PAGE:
can help with confirming identity of an unknown person through presence of
plates/pins (which might have serial numbers recorded in medial charts).
Perimortem trauma is important for reconstructing the events
that occurs near the time of death, while postmortem trauma is important to
determine if the injuries are caused to conceal some information about the
crime (or from opportunistic local wildlife feasting on free food). With perimortem
fractures, the person died before healing take place, but the fracture should
still show signs of the biomechanics of healing starting similar to antemortem
fractures. Peri- and post-mortem trauma is different from antemortem trauma
since there is no sign of healing. Bones are elastic while alive, and gets dry
and brittle after death in a process called plastic deformation. This means that
perimortem bone fractures tends to splinter, while postertem breaks shatter in
a more regular shape.
Moving away from bones and onto bruising. Bruises is a
discolouration of the skin when blood vessels/capillaries are damaged by
trauma, letting seeps/hemorrhage. Since bruises accompanies different types of
wounds, usually associated with blunt trauma, so they can provide information
on their causation and help with the reconstruction of events leading up to
death. Bruises are dated/aged differently depending on where it is on the body.
A deep bruise in the thigh muscle might not appear for a day or two, while a
bruise over a bony prominence and where tissue is loose (ie near the eyes) will
appear and swell very quickly. Postmortem injuries tend to have a yellowish
brown, kind of bloodless appearance, lacking vital reaction due to the absence
of blood flow after death.
Looking at postmortem injuries can be difficult, and trauma
on the body might still appear due to resuscitation efforts or from the way the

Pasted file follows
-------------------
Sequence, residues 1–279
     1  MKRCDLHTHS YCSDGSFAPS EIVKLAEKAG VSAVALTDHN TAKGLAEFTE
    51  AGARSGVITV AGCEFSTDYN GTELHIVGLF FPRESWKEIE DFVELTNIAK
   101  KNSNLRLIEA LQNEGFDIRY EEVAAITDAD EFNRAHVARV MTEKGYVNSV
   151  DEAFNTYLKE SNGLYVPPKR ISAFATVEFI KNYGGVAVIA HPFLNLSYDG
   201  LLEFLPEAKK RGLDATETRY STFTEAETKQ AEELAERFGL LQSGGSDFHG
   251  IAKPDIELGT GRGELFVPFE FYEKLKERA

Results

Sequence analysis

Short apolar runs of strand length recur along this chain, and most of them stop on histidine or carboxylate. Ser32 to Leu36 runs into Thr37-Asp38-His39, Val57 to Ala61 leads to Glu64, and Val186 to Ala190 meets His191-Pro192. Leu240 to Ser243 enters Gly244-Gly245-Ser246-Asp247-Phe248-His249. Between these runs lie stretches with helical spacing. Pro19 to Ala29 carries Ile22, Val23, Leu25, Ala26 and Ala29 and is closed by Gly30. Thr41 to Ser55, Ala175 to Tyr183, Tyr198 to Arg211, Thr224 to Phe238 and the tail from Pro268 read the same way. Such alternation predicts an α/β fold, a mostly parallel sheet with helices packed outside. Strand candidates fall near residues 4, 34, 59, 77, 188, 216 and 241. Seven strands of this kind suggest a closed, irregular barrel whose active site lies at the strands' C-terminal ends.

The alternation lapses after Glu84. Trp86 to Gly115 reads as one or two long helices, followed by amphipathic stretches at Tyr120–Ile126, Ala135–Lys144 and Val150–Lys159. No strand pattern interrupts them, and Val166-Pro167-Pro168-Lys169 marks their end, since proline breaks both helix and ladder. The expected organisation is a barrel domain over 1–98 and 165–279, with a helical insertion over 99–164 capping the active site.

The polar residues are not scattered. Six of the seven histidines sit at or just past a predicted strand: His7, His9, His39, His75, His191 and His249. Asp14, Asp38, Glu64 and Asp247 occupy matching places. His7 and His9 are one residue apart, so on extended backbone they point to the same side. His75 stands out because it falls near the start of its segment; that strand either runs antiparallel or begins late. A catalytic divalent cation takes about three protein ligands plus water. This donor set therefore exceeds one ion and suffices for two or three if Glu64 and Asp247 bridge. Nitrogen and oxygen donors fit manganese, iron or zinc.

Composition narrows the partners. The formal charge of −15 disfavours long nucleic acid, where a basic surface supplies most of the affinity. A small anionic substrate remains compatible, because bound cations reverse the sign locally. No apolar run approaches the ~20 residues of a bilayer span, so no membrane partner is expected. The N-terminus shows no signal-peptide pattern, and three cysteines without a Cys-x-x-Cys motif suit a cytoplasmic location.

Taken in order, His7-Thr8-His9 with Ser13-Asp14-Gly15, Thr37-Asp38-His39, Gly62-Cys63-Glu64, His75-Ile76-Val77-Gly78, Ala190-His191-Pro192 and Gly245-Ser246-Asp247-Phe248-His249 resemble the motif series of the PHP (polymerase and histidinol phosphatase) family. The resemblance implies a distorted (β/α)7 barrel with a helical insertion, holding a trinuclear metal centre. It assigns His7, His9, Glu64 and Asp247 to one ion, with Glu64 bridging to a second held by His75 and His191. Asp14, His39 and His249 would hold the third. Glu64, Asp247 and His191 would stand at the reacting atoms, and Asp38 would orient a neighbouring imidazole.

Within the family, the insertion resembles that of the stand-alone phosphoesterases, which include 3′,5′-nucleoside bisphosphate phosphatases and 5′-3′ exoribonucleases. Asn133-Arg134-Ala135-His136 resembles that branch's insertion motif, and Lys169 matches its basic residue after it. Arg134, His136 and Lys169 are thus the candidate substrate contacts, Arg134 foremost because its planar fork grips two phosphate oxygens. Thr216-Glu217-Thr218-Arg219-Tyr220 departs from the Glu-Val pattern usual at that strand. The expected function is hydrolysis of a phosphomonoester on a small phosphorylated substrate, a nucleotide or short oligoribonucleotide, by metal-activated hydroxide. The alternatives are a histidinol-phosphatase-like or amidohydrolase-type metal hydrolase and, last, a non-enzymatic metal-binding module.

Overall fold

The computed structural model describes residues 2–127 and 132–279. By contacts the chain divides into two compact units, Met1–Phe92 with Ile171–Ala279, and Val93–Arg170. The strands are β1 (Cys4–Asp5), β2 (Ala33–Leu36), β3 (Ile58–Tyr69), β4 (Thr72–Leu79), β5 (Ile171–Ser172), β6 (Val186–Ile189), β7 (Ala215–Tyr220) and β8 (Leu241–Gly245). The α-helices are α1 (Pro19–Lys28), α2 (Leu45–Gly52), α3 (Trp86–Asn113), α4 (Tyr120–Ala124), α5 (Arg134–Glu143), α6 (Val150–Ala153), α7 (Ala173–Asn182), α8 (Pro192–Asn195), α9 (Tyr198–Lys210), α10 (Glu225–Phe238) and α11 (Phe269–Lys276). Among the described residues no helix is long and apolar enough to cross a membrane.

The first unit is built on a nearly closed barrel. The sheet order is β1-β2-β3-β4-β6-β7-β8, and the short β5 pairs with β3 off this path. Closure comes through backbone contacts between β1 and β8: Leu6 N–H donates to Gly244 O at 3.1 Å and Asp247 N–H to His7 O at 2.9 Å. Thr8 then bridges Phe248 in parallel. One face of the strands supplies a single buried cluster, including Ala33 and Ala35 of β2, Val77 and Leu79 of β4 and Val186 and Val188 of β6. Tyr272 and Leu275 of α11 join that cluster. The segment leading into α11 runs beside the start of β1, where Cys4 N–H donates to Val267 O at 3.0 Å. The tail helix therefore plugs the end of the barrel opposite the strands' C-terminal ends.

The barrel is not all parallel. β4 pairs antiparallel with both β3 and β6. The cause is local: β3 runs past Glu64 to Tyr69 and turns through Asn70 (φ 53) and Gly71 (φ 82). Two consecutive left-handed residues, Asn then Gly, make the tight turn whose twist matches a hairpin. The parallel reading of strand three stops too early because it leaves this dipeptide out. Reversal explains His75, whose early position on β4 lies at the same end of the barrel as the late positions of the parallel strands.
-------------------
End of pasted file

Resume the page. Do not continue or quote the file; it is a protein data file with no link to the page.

body is handled after death. This is what Watson can pull up online, hopefully
there is some useful info here. Happy writing!
The ecosystem is severely disrupted, the financial system is increasingly uncontrollable, and the geopolitical structure has recently begun to appear as unstable as it has always been uneven. CEOs and politicians express their ‘‘desire for change’’ at every interview and voice a heartfelt ‘‘yes we can’’ at each photo-op. Planners and architects increasingly replace their blueprints for environments with environmental ‘‘greenprints’’. And new generations of artists increasingly abandon the aesthetic precepts of deconstruction, para- taxis, and pastiche in favor of aesth-ethical notions of reconstruction, myth, and metaxis. These trends and tendencies can no longer be explained in terms of the postmodern. They express a (often guarded) hopefulness and (at times feigned) sincerity that hint at another structure of feeling, intimating another discourse. History, it seems, is moving rapidly beyond its all too hastily proclaimed end.
- Timotheus Vermeulen and Robin van den Akker, Notes on metamodernism
An alternative to ‘the syntatcially corrent but semantically meaningless post-postmodernism’.